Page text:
"We're going to keep working together--we're not finished," Sen. Mitt Romney 
said. "But America works, the Senate works."

   For Biden, the deal was a welcome result.

   Though for far less than the approximately $2 trillion he originally sought, 
which may raise some ire on the left, Biden had bet his political capital that 
he could work with Republicans and showcase that democracy could still work as 
a counter-example to rising autocracies across the globe.

   Moreover, Biden and his aides believed that they needed a bipartisan deal on 
infrastructure to create a permission structure for more moderate Democrats -- 
including Sinema and Joe Manchin of West Virginia -- to then be willing to go 
for a party-line vote for the rest of the president's agenda.

   Biden's top aides had met with senators for back-to-back meetings on Capitol 
Hill and later huddled with House Speaker Nancy Pelosi and Senate Majority 
Leader Chuck Schumer.

   The agreement comes with a complex legislative push. Pelosi on Thursday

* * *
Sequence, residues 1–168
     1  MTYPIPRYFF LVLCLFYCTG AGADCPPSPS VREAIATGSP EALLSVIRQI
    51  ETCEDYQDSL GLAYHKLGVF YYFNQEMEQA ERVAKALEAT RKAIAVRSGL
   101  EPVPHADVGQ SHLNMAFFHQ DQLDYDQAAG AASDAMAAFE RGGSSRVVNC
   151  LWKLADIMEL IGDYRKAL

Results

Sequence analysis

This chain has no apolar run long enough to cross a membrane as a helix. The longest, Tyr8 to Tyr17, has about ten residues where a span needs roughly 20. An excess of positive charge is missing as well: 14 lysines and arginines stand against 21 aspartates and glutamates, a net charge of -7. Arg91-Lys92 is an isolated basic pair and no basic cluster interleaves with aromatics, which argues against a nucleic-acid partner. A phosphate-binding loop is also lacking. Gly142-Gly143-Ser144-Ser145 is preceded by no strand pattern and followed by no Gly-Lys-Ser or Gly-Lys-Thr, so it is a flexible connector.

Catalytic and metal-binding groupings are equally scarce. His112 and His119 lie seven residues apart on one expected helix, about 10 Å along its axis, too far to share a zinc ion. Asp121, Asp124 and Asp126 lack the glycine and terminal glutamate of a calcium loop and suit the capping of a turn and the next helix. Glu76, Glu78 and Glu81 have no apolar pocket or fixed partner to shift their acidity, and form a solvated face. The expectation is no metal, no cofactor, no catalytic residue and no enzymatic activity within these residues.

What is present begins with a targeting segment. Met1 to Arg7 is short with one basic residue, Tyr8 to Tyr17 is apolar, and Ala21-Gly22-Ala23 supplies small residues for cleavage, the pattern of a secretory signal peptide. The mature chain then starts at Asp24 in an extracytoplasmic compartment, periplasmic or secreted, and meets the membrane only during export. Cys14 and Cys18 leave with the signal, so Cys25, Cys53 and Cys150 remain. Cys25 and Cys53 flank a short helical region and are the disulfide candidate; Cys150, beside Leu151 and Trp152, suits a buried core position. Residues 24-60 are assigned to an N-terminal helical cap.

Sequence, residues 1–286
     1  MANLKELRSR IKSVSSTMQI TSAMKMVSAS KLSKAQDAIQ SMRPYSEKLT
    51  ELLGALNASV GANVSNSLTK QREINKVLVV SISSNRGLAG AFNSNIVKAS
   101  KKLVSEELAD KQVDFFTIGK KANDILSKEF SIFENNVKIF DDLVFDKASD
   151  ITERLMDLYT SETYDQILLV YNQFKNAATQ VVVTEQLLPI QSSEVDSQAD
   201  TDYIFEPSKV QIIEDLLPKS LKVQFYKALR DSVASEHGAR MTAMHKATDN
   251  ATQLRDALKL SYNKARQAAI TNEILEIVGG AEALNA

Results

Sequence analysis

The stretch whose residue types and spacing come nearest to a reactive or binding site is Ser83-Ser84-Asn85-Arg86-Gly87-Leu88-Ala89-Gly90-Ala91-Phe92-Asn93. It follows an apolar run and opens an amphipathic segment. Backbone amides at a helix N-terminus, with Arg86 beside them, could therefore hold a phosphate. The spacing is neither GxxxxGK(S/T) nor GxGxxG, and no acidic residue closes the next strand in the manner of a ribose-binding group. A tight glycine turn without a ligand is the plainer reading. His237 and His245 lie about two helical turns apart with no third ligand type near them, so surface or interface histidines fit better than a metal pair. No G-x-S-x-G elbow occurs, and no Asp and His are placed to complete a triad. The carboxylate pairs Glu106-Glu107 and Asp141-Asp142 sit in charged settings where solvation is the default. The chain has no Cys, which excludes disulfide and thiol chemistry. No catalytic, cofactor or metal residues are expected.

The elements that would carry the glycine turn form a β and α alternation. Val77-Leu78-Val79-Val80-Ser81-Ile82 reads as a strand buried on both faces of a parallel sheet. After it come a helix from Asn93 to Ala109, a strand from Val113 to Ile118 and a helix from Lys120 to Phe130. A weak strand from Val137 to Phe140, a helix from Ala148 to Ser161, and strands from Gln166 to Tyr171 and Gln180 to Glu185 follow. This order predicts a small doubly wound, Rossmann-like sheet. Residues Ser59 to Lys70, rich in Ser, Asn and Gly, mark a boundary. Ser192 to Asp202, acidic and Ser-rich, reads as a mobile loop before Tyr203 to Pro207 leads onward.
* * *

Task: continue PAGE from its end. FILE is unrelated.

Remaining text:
warned that it must be paired with the president's bigger goals now being 
prepared by Congress under a process that could push them through the Senate 
with only Democratic votes.

   "This is important," Pelosi said. "There ain't going to be a bipartisan bill 
without a reconciliation bill,"

   The Democratic leader vowed the House would not vote until the Senate had 
dealt with both packages.

   The major hurdle for a bipartisan agreement has been financing. Biden 
demanded no new taxes on anyone making less than $400,000, while Republican 
lawmakers were unwilling to raise taxes beyond such steps as indexing the 
gasoline tax to inflation. But senators departed for the White House Thursday 
with a sense of confidence that funding issues had been addressed.

   One member of the bipartisan group, Republican Rob Portman of Ohio, had met 
privately ahead of the White House meeting with Senate Republican leader Mitch 
McConnell at the Capitol and said afterward that the Kentucky senator "remains 
open-minded and he's listening still."

   The announcement leaves unclear the fate of Biden's promises of massive 
investment to slow climate change, which Biden this spring called "the 
existential crisis of our times."

   Biden's presidential campaign had helped win progressive backing with 
pledges of massive spending on electric vehicles, charging stations, and 
research and funding for overhauling the U.S. economy to run on less oil and 
gas. The administration is expected to push for some of that in future 
legislation.

   But Sen. Cassidy, R-La, stressed that there are billions of dollars for